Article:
The Real and the Pretender
The Parable of the Wheat and the Tares: The Danger of Premature Judgment
Matthew 13:24-30, 36-43
“Allow both to grow together until the harvest and in the time of the harvest, I will say to the reapers, ‘First gather up the tares and bind them in bundles to burn them up; but gather the wheat into my barn.”
Growing up on the farm, one of the crops we raised was oats. However, one of the weeds that farmers had to deal with was the presence of wild oats. These weeds look identical from a distance, even for the most experienced farmer. They grew the same; they appeared to outwardly have the same heads of grain. For the casual observer, they were indistinguishable. However, once the crop reached full maturity, when it formed the kernel within the husks of the heads, their difference became evident. While they appeared the same, they produced different fruit. The oats planted by the farmer form the plumb kernel that becomes the basis for some of our favorite foods, including chocolate chip-oatmeal cookies. The wild oats, however, produced a different kernel. Its kernel would be black and degrade the good oats' quality.
In this parable, Christ compares tares and wheat. These tares, more literally darnel, are known as a mimic weed. But unlike wild oats, which are edible although undesirable, the darnel is toxic, causing sickness and even death. Like wild oats, they are indistinguishable from the real product in the early stages of growth. The difference is not in the plant's appearance but in the seed.
In the parable of the wheat and the tares, Christ points to several important lessons. First, the outward appearance does not always convey the inward reality. One can outwardly appear to be a genuine disciple but inwardly be devoid of real spiritual life. The darnel are like the Pharisees and the religious leaders of Jesus’ day. To the casual observer, they appeared to be righteous and upholding God’s law. But delve deeply and find that they are mere caricatures of the real thing. Even worse, rather than bringing spiritual life, they bring spiritual death. Tragically, spiritual pretenders are present in the church today. They appear to be followers of God, but inwardly, they are spiritual weeds. They are devoid of spiritual life, refusing to surrender to Christ. They are like the grain in this parable; outwardly, they appear to be Christians, but inwardly, they are not experiencing the inward transformation that Christ brings. They say all the right things but fail to surrender to Christ.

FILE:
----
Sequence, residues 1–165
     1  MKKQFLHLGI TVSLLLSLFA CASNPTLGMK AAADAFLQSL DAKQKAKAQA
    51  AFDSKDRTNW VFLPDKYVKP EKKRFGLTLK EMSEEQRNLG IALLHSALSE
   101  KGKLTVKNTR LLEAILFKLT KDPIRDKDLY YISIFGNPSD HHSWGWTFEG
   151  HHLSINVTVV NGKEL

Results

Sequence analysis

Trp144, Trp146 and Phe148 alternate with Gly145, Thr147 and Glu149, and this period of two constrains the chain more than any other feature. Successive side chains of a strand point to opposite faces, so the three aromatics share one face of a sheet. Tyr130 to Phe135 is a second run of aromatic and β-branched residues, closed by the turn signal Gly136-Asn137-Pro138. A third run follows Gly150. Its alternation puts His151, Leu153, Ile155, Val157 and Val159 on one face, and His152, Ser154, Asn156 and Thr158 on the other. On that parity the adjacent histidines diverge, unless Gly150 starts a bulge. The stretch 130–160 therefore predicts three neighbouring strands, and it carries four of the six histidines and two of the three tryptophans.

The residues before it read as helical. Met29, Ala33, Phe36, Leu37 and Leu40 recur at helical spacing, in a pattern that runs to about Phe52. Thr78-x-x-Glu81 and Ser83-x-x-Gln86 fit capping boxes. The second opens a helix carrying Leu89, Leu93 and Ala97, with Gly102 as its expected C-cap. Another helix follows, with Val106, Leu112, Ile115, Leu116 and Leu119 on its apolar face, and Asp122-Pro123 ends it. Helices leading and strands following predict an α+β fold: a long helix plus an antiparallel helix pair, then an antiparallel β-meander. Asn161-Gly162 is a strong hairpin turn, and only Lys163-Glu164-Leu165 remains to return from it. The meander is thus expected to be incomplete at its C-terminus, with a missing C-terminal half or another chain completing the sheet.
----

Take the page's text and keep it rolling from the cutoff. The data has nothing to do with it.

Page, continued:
This brings us to the second principle: God delays his judgment upon humanity so that all his followers might be saved. God continues to allow the evil and righteous to co-exist on this earth so that he might allow everyone to repent (2 Peter 3:9). If judgment comes too early, then there might be some who were destined for the kingdom to be caught up in the judgment. As we look about us and see the existence of evil, it is not a sign that God is complacent towards sin. Instead, it is an act of grace so that he might allow people an opportunity to repent. Yet there is also a warning that in the delay of God’s judgment, we should not become complacent towards sin and not respond to the invitation to accept his grace. Peter warns of this in 1 Peter 3:3-4, “Know this first of all, that in the last days mockers will come with their mocking, following after their own lusts, and saying, “Where is the promise of His coming? For ever since the fathers fell asleep, all continues just as it was from the beginning of creation.” In other words, the delay in judgment can lead us to the false idea that God will not judge. The parable of the wheat and the tares is both a reminder of God’s grace and a warning of his judgment. The question for us is to examine our hearts and make sure our faith is genuine and we are not one of the pretenders. Today ask God to transform your whole life and allow him to change you at the core of your identity.